Writing Jokes with Matt Fernandez (Second City)
Your dad telling a corny joke is never going to be funny because your dad isn’t funny.
[@FattMernandez on Twitter]
What’s interesting or uninteresting about Tampa?
Interesting: It’s the lightning capital of the United States.
Uninteresting: Mitchell. He’s just this dumb guy I know. Not interesting at all.
Why did you first want to start performing comedy? What was the first joke or bit you tried on stage?
I thought I might be good at it, and I didn’t want to work in a cubicle. My life had zero direction up until that point. I don’t remember a specific bit. It was all the hacky stuff most comedians start off writing about; strip clubs, midgets, strip clubs that only employ midgets.
You’ve written for College Humor and Playboy. What advice would you give a comic trying to get his or her work published?
Write your ass off. There are websites who will publish your work, but don’t pay anything. I started there and wrote about literally anything I could think of. I think it’s easier to write about something you really love or really hate. Then after a year or two of that, I started submitting to better websites, and eventually got published.
Second City has churned out some of the world’s most talented comedians. What is it about that place that allows talent to flourish?
A great staff who genuinely cares about what they’re doing. I had a great teacher while I was there. Plus I think the history helps a lot. It’s like going from high school to collegiate sports. If you’re good at basketball, you go to Kentucky or North Carolina to get great. If you’re good at football, you go to Ohio State or Alabama to get to the next level. If you’re funny, and want to learn how to use it and what to do with it, you go to Second City.
Do you prefer forming jokes on paper or on stage? Why?
Paper. Writing is my favorite part of it. That’s actually what I went to Second City for. I always have a notebook and pen around, or I’ll write notes in my phone sometimes. Getting into the habit of writing down anything you say or think of that you can use on stage is necessary.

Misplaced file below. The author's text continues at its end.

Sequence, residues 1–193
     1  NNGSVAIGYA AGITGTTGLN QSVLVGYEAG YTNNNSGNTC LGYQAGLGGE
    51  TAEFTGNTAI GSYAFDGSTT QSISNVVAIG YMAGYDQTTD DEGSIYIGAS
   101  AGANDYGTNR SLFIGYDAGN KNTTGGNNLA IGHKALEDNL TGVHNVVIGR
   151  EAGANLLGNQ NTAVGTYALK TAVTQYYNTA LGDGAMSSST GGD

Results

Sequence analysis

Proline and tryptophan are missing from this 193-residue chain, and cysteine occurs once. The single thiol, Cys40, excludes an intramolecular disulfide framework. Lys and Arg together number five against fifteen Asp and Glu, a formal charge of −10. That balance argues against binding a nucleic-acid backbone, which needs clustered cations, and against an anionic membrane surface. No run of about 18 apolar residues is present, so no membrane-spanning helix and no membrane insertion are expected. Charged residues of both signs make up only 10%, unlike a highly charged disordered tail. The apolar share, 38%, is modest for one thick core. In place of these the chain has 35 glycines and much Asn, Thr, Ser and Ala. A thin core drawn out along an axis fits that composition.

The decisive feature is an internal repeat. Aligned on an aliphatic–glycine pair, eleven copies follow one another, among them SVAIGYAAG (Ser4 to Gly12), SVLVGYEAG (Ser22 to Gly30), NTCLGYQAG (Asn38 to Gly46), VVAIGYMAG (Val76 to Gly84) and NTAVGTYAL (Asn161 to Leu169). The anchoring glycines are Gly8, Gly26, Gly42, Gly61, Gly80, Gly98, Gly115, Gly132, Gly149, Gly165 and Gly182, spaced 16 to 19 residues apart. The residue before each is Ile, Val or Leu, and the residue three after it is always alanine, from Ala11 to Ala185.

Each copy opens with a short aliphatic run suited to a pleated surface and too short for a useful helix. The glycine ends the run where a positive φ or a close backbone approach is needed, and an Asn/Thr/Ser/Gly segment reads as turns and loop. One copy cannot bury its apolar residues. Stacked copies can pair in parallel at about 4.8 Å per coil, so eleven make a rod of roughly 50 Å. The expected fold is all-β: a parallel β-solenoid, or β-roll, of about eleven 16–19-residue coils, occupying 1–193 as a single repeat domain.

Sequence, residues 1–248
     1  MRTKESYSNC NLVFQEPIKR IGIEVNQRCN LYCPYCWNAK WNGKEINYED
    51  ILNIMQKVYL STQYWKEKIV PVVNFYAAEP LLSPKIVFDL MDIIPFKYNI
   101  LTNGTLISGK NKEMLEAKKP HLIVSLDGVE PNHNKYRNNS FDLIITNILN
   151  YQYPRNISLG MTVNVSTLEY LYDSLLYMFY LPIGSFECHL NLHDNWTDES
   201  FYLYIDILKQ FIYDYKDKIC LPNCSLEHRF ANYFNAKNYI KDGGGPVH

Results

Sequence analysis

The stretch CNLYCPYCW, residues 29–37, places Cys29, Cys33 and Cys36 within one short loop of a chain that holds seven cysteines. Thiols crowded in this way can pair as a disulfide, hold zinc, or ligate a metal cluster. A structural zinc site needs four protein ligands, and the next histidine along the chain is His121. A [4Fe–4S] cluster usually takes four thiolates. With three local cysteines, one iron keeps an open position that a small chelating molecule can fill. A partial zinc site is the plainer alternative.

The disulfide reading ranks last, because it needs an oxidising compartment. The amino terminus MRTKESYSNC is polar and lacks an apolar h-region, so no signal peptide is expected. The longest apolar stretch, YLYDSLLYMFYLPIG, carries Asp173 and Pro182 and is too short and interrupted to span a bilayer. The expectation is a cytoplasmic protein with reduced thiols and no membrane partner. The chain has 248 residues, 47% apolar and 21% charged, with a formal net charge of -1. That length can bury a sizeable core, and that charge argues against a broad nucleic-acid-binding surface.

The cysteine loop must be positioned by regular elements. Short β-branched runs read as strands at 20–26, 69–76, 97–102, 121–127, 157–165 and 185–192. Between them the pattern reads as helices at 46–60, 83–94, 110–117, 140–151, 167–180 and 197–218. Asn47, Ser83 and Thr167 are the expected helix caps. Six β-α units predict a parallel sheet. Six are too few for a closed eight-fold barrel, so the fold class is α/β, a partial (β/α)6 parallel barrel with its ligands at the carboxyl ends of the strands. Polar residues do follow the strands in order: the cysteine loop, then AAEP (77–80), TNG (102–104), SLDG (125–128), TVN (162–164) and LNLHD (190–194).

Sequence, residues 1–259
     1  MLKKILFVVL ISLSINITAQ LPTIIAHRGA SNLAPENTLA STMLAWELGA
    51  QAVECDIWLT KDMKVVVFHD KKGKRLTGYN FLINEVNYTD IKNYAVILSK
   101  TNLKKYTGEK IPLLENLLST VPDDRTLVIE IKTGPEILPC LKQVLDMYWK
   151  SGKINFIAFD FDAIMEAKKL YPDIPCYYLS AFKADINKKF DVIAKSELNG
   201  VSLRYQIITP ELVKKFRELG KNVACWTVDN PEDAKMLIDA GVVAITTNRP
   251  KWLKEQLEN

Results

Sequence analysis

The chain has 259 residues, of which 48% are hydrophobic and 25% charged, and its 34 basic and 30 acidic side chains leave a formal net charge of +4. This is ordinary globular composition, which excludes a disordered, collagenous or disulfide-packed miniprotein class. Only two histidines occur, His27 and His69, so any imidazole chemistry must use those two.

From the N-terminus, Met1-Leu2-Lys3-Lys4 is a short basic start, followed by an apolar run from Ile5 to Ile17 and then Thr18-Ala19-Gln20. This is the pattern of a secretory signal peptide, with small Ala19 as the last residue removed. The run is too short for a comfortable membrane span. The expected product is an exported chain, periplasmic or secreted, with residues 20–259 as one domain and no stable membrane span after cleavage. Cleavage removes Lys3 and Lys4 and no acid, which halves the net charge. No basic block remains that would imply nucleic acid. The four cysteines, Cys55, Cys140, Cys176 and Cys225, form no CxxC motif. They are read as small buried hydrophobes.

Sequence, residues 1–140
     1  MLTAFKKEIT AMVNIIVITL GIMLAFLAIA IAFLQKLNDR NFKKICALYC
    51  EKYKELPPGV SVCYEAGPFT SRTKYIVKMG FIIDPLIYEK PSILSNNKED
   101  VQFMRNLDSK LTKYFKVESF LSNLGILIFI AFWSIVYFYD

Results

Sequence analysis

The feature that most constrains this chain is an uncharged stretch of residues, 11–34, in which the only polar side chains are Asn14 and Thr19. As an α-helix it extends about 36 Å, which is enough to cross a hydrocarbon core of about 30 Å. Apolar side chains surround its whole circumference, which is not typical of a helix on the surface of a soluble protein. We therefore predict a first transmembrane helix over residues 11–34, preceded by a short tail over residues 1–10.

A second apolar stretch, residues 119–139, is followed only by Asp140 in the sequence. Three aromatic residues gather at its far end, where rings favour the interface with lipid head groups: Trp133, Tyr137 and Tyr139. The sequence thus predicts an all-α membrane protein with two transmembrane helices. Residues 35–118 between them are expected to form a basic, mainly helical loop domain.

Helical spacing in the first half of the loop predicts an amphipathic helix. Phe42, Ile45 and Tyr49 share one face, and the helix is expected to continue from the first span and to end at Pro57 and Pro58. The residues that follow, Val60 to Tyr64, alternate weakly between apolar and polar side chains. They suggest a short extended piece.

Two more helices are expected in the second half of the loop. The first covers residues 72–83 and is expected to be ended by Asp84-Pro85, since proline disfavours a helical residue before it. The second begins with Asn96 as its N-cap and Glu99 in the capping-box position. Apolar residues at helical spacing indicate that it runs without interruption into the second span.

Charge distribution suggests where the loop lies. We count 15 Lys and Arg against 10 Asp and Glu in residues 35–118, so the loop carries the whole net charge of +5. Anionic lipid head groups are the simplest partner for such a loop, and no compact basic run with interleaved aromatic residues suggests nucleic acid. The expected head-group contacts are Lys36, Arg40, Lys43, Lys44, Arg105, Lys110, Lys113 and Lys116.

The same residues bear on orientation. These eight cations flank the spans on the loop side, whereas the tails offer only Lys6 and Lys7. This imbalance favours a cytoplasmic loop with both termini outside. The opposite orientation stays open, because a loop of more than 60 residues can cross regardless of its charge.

How are comedy festivals unique, compared to clubs or theatres?
Comedy festivals are like comedian summer camp most of the time. In clubs and theaters you go, you do your show(s), and you go home. At festivals you do your shows, then you hang out because there are 10–20 other comics around to hang out with and meet. I guess it’d be like going to work on a normal day vs. going to a week long seminar where you meet all the people who work at all the different branches of the company where you work.
What do you like or dislike about the comedy scene in Tampa?
Tampa is the perfect place to start stand up. The scene is just big enough where you can get plenty of stage time and there are tons of clubs and rooms all over Florida. The only thing I dislike about the scene here is that the audience is all people who live in Florida. So you’ll occasionally get the middle-aged woman downing Mich Ultra and being obnoxious. Or the guy who shows up in a denim vest like that’s a thing you can just wear. But for the most part, Tampa and St. Petersburg (just outside of Tampa) have a great appreciation for the arts despite what Lena Dunham would have you believe.
Who is the funniest person you know?
I don’t want anyone who reads this to get their feelings hurt, so I’ll just say it’s irrelevant because none of them are funnier than me.
What’s the dumbest superhero name you can think of?
Professor Hugs Too Long (His power is he makes villains feel awkward and uncomfortable.)
Why are jokes funny?
Because the person writing and telling them is funny. Your dad telling a corny joke is never going to be funny because your dad isn’t funny, and the person who came up with the joke originally probably wasn’t that funny. Just like anything else a joke is only as good as the person who makes it.